Sébastien Loeb snatched the EKO Acropolis Rally Greece lead from team-mate Pierre-Louis Loubet late in the day as their M-Sport Ford World Rally Team dominated proceedings.
It was a dream Friday for the British squad with its Ford Puma Rally1 cars topping the timesheets on every single stage as the rally threaded its way north following Thursday night’s spectacular superspecial at the Olympic Stadium in Athens.
Co-driven by Isabelle Galmiche, was initially dominant on the rough and tough gravel roads and opened up an early advantage on his fourth FIA World Rally Championship start of the season. However, as temperatures soared, the nine-time champion lost momentum.
An overshoot on a hairpin bend on the Dafni stage was enough to break the French legend’s stride and he gave way to M-Sport team-mate Loubet, who seized the top spot while also grabbing his first stage win in the WRC’s top-flight.
Loubet looked likely to lead overnight after notching up another fastest time in Livadia but Loeb’s superior experience came to the fore, as Loubet reported a couple of minor technical issues.
Armed with previous knowledge of the stage from his last Acropolis outing in 2012, the 48-year-old Loeb shaded his apprentice by 10 seconds in Bauxites to go back in front.
Just 1.7s separate the Puma duo as the returned to the overnight halt in Lamia with Toyota GR Yaris Rally1 driver Esapekka Lappi filling the final podium spot 8.7s further back.
“I decided to try really hard in this last one because I was losing too much time in the previous stage and I didn’t feel too confident,” Loeb said of his late push. “I just said, ‘okay, I need to finish on a good rhythm’. There was a stone in the ground which I hit sideways and it lifted the car onto two wheels, but it was no problem.”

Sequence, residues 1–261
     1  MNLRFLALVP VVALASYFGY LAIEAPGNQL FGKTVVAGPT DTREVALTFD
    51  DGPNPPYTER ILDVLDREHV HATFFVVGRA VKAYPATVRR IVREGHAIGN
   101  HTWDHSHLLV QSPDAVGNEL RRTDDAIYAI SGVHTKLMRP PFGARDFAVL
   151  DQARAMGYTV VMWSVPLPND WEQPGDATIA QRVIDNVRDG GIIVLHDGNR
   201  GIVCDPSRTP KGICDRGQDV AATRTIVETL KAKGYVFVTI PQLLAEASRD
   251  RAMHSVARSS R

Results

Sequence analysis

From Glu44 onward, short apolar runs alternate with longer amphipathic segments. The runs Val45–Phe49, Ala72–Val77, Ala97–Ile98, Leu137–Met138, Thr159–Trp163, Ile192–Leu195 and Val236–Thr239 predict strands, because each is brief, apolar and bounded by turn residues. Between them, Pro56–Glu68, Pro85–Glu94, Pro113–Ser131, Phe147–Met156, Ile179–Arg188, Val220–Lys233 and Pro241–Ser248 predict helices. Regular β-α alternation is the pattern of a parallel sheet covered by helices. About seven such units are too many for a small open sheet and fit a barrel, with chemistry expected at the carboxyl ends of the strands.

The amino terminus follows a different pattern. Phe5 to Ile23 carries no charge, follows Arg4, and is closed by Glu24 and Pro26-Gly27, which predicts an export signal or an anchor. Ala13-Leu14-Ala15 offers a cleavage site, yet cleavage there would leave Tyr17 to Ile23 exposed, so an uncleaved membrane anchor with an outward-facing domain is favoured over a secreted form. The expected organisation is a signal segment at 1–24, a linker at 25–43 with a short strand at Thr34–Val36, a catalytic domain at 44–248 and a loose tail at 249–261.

Loubet remained upbeat despite relinquishing the position and explained how he’d lost time. “We can be happy with what we have done,” he said. “We had an issue with the brakes at the beginning of the stage and something with the powersteering at the end. I didn’t want to take any risks and I just brought the car home. It’s still amazing – it’s like a dream to be fighting with Loeb.”
Leading Hyundai driver Thierry Neuville is a further 7.3s behind Lappi in fourth – an admirable effort considering he’s been running ahead of the top three all day in fourth on the road.
Hanging dust hampered the Belgian early in the day and an imbalanced set-up left him fighting with understeer. Nevertheless, he headed i20 N Rally1 colleague Dani Sordo by 22.2s. Sordo, starting his first WRC event since June, reported a lack of confidence with his pacenotes.
Ott Tänak completed most of the leg with a faulty hybrid unit which left his Hyundai short on power. Behind him in the provisional order after leg one are Gus Greensmith (M-Sport Ford) and Elfyn Evans (Toyota) with just 3.4s separating the trio.
Championship leader Kalle Rovanperä is down in ninth having lost time opening the road for the chasing pack. The Toyota youngster faced extremely loose conditions and his hopes of sealing the drivers’ title this weekend currently look slim.
Acropolis Rally Greece rookie Takamoto Katsuta drove tentatively to complete the top 10 ahead of Craig Breen, who dropped around two minutes after stopping to change a wheel on Loutraki 2 while running in the top five.
Emil Lindholm heads FIA WRC2 Junior rival and Toksport Škoda team-mate Nikolay Gryazin in the overall FIA WRC2 Open order by a margin of 30.5s. Teemu Suninen is third for Hyundai Motorsport N. Armin Kremer heads the WRC Masters’ Cup contenders.
In FIA WRC3, William Creighton is the driver to beat in his Ford Fiesta Rally3, while Robert Virves tops the FIA WRC3 Junior ranking in an identical car.
Saturday is the longest and toughest leg of Acropolis Rally Greece and covers 147.98 competitive kilometres west of Lamia. Double passes through Pyrgos and Tarzan are expected to be particularly challenging with the first visit to Pyrgos opening the action from 08h33 local time.